Law and Justice in Japanese Popular Culture

From Crime Fighting Boy Robots to Duelling Pocket Monsters

In a world of globalised media, Japanese popular culture has become a significant fountainhead forimages, narratives, artefacts, and forms of engagement and identity. From Pikachu, to instantly identifiablemanga memes, to the darkness of adult anime, the convenience of sushi, and the hyper-consumerism ofproduct tie-ins Japan has bequeathed ways through which a globalised world imagines, communicatesand interrogates tradition and change, the self and the technological future. Within these foci questions oflaw have often not been far from the surface: the crime and justice of Astro Boy; the property and contractof Pokémon; the ecological justice of Nausicaä, Shinto’s focus on order and balance; the anxieties ofmodernity in Godzilla.

This volume is the first to bring together global scholars to reflect on and critically engage with Japan’spopular cultural legal legacy. It explores not only the impact of Japan on global culture, but what theseimages, games, narratives, and artefacts reveal about law, humanity, justice and authority in the seconddecade of the twenty-first century.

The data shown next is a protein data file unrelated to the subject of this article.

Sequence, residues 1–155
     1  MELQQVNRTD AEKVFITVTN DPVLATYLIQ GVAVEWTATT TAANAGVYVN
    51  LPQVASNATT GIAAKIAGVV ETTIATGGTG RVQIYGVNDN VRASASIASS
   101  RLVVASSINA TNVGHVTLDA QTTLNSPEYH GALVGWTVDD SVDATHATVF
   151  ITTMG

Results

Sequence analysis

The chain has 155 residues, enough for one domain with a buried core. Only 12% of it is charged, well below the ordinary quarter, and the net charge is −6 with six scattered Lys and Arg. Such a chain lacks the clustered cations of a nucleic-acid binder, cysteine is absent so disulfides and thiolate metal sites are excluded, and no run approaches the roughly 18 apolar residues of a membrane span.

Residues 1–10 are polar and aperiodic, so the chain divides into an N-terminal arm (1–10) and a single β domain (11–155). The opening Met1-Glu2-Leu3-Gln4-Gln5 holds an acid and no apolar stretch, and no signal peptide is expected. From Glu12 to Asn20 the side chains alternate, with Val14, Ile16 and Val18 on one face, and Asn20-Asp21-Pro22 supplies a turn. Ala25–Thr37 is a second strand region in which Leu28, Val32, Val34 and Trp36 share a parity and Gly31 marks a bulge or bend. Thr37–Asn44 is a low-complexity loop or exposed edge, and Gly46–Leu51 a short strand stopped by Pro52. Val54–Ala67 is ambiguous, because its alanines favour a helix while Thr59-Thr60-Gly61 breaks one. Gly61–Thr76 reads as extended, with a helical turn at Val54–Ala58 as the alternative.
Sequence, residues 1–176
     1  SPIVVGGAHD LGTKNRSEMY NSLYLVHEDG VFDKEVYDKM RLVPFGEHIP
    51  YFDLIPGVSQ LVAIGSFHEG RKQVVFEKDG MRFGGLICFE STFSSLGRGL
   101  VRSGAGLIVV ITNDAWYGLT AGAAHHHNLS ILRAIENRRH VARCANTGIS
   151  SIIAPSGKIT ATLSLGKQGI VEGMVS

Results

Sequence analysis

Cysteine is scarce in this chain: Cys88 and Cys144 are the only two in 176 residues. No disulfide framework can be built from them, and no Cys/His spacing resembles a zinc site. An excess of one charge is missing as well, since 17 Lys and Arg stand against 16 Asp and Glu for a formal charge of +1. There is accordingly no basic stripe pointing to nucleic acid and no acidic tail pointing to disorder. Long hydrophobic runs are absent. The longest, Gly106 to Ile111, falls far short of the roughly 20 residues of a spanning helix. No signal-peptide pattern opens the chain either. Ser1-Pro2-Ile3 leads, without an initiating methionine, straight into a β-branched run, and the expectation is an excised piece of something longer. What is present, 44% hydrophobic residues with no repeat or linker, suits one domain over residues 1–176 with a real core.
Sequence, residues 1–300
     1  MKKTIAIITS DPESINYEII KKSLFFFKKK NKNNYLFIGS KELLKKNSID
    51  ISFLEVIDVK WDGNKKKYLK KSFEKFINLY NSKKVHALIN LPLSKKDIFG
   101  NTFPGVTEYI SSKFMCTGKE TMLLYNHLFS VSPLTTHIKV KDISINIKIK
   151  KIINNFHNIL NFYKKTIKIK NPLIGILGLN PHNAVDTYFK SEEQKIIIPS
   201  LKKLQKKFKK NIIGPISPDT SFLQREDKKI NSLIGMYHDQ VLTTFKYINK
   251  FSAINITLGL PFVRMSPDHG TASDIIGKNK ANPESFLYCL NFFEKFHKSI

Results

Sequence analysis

Contributors are invited to submit chapter proposals and a brief cv for consideration by the editors for inclusion in this edited volume.


Contributors are strongly encouraged to focus on popular as well as cult texts, narratives,genres, games, practices and/or artefacts. Those selected for inclusion will:

  • Engage with law, lawyering, legality or legal theory.
  • Show an awareness of the embedded, multi-sensorial and transmedial nature of their subject.
  • Demonstrate engagement with existing relevant academic literature.

Some possible questions to respond to are (but in no way limited to) the following:

  • How has justice been envisioned in Japanese imaginings of the future?
  • How are authority, gender and the self communicated in Japanese culture?
  • Are Japanese computer games legally progressive or conservative?
  • How has law and technology been framed in Japanese popular culture?
  • What do Japanese transmedial narratives and fan stories tell us about legality and creativity?
  • What role does violence and reactions to violence play in Japanese popular culture?
  • How is tradition and change mediated in Japanese popular culture?
  • How does manga and anime animate the legalities of the posthuman?

Contributors should submit a proposal (300 words) and a brief CV (no longer than one page) to by 5 September 2016.

The editors will advise contributors of inclusion and process by 12 September 2016.

The first draft of chapters will be due 1 May 2017 with an expected publication date of late 2017.


For more information visit the Graphic Justice Research Alliance’s webpage